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The ISS is a huge (relatively) satellite which, according to NASA, is longer than a football field. I am curious about what would happen if the station's skin was punctured - perhaps by a careless astronaut, by a small object flying through space, or a monkey.

If this were to happen, I would imagine that air would start to leak out of the station, eventually depriving the crew of breathable air.

What would the crew do? Are there ways to block off parts of the station? Would you just float up to it and patch it?

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There are two kinds of depressurization alarm:

  • ΔP/ΔT (rapid depressurization)
  • ATM PRESS (slow leak, or pressure hitting the thresholds)

Main steps that are taken:

  • Record incident and contact mission control
  • Take pressure gauge
  • Evacuate into the Soyuz
  • Check if Soyuz descent module is leaking
  • If time remaining (T.res) is less than X minutes, say "Bye-bye" to the station, prepare the Soyuz for flight and undocking. Contact Mission control
  • If T.res is more than X minutes and the Descent module is leaking, return to the ISS, and deactivate the station orderly
  • If T.res is more than X minutes and the Descent module is safe, return to the ISS, close vacuum valves through the laptop and pinpoint leak
  • Isolate the leaking compartment

Roughly speaking, X is the time to deactivate the station.

How to spot the leak:

  • Use the ISS computer to find the leaking compartment
  • If fails, use pressure gauge in each compartment with closed hatches to determine the culprit.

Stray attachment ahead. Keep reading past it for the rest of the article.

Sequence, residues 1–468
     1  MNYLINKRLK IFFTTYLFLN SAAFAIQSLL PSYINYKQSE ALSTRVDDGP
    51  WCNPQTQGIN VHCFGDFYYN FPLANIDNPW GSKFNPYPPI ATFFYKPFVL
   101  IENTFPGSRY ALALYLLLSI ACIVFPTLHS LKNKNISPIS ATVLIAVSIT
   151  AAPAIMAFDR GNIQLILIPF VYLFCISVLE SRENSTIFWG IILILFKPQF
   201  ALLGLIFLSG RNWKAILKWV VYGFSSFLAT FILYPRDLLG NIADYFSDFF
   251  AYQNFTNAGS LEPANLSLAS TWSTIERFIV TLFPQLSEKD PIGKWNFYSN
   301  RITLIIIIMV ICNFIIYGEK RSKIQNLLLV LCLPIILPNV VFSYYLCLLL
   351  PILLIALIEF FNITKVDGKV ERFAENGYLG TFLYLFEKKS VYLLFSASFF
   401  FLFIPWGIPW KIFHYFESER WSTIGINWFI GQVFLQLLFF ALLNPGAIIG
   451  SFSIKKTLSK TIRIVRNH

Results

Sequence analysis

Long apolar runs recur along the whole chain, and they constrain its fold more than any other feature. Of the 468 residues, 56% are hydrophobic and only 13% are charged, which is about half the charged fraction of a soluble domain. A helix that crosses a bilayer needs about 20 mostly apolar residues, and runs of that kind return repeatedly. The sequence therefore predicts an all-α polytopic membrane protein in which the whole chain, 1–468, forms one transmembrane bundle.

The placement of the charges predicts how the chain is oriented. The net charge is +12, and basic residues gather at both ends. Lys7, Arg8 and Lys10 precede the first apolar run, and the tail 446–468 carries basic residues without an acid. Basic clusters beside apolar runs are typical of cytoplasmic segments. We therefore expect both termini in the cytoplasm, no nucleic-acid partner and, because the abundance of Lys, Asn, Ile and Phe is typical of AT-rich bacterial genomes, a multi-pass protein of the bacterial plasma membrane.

Any steps to patch leaks are taken only after consulting Mission Control

CREW SURVIVAL IS THE HIGHEST PRIORITY

Sources:

Note: if anybody knows where to find an up-to-date SODF please let me know.

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  • $\begingroup$ Aren't your steps number 6 and 7... confused? If the descent module is leaking, why do they return to the station to shut it down? $\endgroup$ – Gallifreyan May 10 '17 at 9:25
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    $\begingroup$ Indeed, I think there may be a mistake here: "If T.res is more than X minutes and the Descent module is leaking, return to the ISS, and deactivate the station orderly". Because if it is the descent module that is leaking, why is the station being deactivated, rather than sealing off the descent module? $\endgroup$ – Wayne Conrad Jul 14 '17 at 13:54
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Quoth Robert Frost, self-described as "instructor/engineer in the NASA Mission Operations Directorate":

If the object is in LEO and larger than around 10 cm, the ISS can be warned and moved, a few orbits in advance of the potential impact. For smaller objects, they just accept the risk.

The ISS has shields called Whipple bumpers. They are multi-layered with spaces between the layers. The intent is that impact with a layer will both slow and hopefully break apart the projectile, so that by the time it gets to the bottom layer it is no longer harmful. That shielding is heaviest near the front of the vehicle, since that is where impacts of the greatest velocity would likely happen.